We have a strong corroboration for this from the text of the prayer for the well-being of a sick person, "mi shebeirach l'choleh," in which we pray that the sick person should have a healing of his SOUL and his BODY, "r'fuas haNEFESH u'r'fuas haGUF." As well, we see that the prayer for the spiritual healing is mentioned first, indicating its being the underlying cause for the physical disorder.

Ch. 6, v. 8: "U'kshartom l'ose al yo'decho v'hoyu l'totofose bein einecho" - The gemara Sotoh 44a says that only righteous men may join the Jewish army. The gemara gives an example of a transgression which would disqualify someone from joining the ranks of the men enlisted in the army. If someone were to talk between placing his arm tefillin and his head tefillin upon himself he would be sent back from his battalion. The gemara says that "a'veiroh hi b'YODO," this is a sin IN HIS HAND, and he is sent back.

This only causes him to make an extra blessing which would have been unnecessary had he not spoken in between. See Rashi and Tosfos as to how many blessings are required. In any case this doesn't seem like a very grave transgression. Why does the gemara give specifically this case as an example? Secondly, what is the intention of the expression, "a'veiroh hi b'YODO?"

I heard or read that the gemara is teaching us a profound lesson. One might have the attitude that although Hashem is an active presence in our daily lives, however when it comes to warfare all is dependent upon might. This is symbolized by the arm, the foremost organ of physical strength. The spiritual factor, one's merits by virtue of adherence to Torah and mitzvos is symbolized by the head, the thinking component of the human. One who speaks between the placing of the HAND tefillin and the HEAD tefillin symbolizes one who thinks that at the time of war we must separate the ARM, the physical, from the HEAD, the spiritual. Therefore the gemara says that a person with such an attitude should be sent back from the army. This is a sin "IN HIS HAND," thinking that the outcome of the war is totally IN HIS HAND and not connected to spiritual merit. Indeed, Hashem plays a very active role in war, as is stated in Shmos 15:3, "Hashem Ish milchomoh."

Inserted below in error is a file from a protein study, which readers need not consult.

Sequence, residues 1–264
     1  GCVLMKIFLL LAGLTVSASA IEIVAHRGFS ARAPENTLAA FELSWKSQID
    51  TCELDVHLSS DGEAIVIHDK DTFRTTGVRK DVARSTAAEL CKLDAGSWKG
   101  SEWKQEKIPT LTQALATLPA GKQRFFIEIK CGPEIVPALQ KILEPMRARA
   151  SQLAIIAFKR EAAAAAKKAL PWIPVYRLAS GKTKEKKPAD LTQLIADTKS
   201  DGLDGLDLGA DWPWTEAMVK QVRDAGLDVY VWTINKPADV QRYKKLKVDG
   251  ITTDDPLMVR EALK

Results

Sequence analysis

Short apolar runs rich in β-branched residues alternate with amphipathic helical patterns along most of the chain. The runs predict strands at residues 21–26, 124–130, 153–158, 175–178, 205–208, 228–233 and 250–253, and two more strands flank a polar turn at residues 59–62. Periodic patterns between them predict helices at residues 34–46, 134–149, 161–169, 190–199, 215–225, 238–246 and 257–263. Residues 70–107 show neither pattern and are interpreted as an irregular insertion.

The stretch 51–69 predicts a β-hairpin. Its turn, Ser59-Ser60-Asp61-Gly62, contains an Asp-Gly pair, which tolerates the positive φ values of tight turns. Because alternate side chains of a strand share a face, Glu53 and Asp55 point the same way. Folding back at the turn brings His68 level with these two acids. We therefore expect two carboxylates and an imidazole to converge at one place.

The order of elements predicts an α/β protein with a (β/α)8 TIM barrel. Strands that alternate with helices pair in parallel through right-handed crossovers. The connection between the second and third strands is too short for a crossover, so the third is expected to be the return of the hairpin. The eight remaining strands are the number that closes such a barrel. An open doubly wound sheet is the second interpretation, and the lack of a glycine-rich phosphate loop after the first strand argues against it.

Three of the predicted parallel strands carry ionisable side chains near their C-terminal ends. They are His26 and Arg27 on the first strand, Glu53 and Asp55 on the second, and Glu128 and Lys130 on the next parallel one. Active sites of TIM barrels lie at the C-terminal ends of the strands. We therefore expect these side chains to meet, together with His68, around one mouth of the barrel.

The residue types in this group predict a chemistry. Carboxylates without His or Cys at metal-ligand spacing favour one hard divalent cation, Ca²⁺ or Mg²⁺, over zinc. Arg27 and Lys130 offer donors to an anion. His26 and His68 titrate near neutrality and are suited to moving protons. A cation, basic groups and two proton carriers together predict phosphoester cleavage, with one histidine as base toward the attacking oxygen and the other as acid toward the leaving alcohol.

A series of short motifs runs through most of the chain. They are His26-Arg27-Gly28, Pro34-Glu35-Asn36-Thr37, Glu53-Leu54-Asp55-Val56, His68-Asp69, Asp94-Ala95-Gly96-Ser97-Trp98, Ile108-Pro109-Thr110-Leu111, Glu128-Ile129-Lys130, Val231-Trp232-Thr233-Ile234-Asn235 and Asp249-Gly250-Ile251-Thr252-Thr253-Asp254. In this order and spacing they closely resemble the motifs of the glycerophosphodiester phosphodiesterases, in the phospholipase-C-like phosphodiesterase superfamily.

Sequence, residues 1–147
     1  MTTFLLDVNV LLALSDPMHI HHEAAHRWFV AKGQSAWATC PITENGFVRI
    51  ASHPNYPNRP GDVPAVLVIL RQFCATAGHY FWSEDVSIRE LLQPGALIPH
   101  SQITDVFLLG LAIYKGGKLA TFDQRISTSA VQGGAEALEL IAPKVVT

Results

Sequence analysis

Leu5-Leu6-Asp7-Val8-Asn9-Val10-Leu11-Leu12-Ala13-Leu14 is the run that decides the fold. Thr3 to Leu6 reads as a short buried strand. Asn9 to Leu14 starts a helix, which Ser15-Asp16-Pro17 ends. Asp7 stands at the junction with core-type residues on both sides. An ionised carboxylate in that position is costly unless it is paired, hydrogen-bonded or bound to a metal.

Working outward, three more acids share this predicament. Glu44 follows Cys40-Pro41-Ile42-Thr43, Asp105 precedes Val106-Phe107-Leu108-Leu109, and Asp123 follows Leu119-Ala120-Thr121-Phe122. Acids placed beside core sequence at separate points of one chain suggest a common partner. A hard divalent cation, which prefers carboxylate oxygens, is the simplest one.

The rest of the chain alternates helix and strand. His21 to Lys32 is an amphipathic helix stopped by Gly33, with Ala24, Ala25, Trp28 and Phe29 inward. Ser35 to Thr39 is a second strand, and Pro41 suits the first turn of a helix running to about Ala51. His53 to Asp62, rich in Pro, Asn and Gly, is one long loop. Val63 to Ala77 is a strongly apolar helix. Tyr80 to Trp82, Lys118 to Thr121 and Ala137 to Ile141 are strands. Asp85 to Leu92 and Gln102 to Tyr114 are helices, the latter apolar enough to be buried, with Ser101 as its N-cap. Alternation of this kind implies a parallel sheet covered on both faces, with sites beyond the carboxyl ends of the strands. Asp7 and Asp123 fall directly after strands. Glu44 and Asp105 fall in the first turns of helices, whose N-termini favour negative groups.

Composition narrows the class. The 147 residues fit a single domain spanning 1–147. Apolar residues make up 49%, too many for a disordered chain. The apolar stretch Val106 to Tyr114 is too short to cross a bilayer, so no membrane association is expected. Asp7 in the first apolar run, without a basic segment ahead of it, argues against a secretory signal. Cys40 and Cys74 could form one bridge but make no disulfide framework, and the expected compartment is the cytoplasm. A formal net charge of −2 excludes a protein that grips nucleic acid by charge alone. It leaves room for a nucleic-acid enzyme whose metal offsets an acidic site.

It is well known that the tribe of GAD was considered the most courageous warriors and led the advance of the Jewish army, as is stated in the end of last week's parsha, "Chalutzim taavru lifnei acheichem" (3:18). Gad had the spiritual merit to lead the Jewish army, as its tribe was very focused on the spiritual component necessary in winning the war. They were connected to the tefillin of the head, symbolizing the connection to Hashem during a time of war. The name GAD is spelled Gimmel-Dalet, numerically THREE and FOUR. The head tefillin have two letters Shin on them, one with THREE strokes and one with FOUR.

As well they connected the arm and head concept and in war physically demonstrated this by slaying their enemies in a unique manner, "V'toraf zro'a af kodkode" (Dvorim 33:20). They killed the enemy not by the standard manner of decapitation by sword, but rather by cutting the head off at an angle, so that an arm would also be cut off at the same time, still being attached to the head, a physical demonstration of the arm-head connection.



See also Oroh V'Simchoh - Meshech Chochmoh on the Weekly Parsha, Chasidic Insights and Chamisha Mi Yodei'a